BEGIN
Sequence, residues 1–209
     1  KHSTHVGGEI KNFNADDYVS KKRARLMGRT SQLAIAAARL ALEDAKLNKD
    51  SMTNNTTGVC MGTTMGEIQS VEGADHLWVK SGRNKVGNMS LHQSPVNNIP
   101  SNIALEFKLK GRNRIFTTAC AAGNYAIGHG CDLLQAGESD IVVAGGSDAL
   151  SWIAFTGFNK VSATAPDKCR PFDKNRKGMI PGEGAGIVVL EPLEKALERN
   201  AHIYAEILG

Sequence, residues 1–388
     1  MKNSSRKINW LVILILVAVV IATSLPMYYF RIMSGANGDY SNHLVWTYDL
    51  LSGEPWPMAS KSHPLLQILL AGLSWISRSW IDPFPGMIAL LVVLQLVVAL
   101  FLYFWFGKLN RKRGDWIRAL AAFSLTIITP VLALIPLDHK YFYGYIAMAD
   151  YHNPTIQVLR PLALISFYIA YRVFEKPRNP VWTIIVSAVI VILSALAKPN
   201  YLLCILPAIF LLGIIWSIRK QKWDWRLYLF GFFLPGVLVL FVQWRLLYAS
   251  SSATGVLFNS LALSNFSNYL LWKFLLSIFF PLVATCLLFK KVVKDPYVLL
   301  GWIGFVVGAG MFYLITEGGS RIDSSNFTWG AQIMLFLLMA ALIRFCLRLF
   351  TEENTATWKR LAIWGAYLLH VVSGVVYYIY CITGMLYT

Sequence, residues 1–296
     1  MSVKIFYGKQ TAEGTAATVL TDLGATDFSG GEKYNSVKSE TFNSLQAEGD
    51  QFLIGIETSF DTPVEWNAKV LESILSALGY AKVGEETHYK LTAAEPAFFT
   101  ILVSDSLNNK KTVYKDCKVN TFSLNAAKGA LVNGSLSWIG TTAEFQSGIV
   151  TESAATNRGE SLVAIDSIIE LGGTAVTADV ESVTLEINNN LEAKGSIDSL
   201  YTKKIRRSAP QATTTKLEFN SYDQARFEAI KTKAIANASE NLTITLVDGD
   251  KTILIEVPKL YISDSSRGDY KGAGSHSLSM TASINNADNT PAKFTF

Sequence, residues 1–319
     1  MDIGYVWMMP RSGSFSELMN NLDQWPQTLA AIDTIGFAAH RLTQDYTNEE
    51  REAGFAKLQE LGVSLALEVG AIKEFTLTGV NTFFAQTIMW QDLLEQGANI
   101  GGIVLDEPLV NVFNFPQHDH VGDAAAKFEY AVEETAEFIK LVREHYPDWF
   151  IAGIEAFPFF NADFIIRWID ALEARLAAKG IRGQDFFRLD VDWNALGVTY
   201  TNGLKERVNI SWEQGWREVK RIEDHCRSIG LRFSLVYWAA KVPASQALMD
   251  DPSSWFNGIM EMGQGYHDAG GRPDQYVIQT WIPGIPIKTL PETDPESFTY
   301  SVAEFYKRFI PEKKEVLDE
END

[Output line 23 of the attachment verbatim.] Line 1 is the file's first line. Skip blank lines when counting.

Sequence, residues 1–319